Enzyme recovery in high-solids enzymatic hydrolysis of steam-pretreated willow: Requirements for the enzyme composition

AA Pristavka, VP Salovarova, Guido Zacchi, IV Berezin, ML Rabinovich

Research output: Contribution to journalArticlepeer-review


In order to reduce the total enzyme consumption in high-solids static hydrolysis of nonwashed steam-exploded willow Salix caprea by mixed cellulase of Trichoderma reesei + Aspergillus foetidus, two different approaches were proposed. In the first case, the enzyme activity adsorbed on residual solids after extended hydrolysis was used for hydrolysis of the newly added substrate. The initial mixing of fresh and hydrolyzed substrates was sufficient for the adsorbed enzyme redistribution and conversion of the new substrate portion, and constant mechanical stirring was not required. Feeding of two additional portions of the exploded hardwood adjusted to pH 4 with dry caustic into the reactor with simultaneous replacement of accumulated sugars with fresh buffer (pH 4.5) resulted, on average, in a 90% conversion of cellulose at the final enzyme loading of 8 IFPU per g ODM substrate, an average sugar concentration of 12%, and a glucose/xylose ratio of 5 : 1. In the second approach, weakly adsorbed cellulase fractions were used for static high-solids hydrolysis followed by their ultrafiltration recovery from the resultant sugar syrup. In contrast to the initial cellulase mixture whose residual activity in a syrup did not exceed 5-10% at the end of hydrolysis (48 h), up to 60% of weakly adsorbed enzyme fraction could be separated from sugar syrups by ultrafiltration and then reused. Weakly adsorbed enzymes displayed a hydrolysis efficiency of not less than 80% per IFPU enzyme consumed in extended hydrolysis of pretreated willow as compared to the original enzyme mixture. An electrophoretic study of the weakly adsorbed enzyme fraction identified T. reesei cellobiohydrolase II as the predominant component, whereas clear domination of T. reesei cellobiohydrolase I was found by electrophoresis of proteins tightly bound to residual hydrolysis solids.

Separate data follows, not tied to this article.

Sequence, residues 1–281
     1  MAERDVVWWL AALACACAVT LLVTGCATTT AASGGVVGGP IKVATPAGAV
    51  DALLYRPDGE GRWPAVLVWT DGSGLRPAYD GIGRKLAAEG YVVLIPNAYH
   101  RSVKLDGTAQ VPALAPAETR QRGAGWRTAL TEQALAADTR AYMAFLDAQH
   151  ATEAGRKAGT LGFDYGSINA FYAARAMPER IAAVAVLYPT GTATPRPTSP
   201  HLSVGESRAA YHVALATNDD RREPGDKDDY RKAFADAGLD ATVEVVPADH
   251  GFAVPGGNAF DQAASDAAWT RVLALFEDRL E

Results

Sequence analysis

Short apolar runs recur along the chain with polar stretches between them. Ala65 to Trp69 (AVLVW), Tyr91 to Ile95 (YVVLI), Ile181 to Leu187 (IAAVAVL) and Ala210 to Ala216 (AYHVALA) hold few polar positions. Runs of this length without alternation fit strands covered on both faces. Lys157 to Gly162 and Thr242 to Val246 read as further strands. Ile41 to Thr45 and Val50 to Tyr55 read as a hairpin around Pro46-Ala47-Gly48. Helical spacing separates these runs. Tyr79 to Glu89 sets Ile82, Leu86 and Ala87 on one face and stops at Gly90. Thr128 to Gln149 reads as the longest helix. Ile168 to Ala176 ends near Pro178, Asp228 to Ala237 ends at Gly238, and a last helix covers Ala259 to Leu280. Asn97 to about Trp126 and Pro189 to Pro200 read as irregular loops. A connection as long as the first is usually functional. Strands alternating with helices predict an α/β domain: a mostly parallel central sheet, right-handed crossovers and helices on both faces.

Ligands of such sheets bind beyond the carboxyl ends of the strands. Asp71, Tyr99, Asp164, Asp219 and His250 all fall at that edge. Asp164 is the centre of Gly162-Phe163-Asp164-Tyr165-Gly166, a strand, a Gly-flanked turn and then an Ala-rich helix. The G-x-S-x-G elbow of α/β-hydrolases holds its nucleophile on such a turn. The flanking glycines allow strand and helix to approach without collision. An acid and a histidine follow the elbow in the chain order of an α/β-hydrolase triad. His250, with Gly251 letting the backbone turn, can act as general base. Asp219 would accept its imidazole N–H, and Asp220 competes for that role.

Original languageEnglish
Pages (from-to)237-244
JournalApplied Biochemistry and Microbiology
Issue number3
Publication statusPublished - 2000

Subject classification (UKÄ)

  • Chemical Engineering


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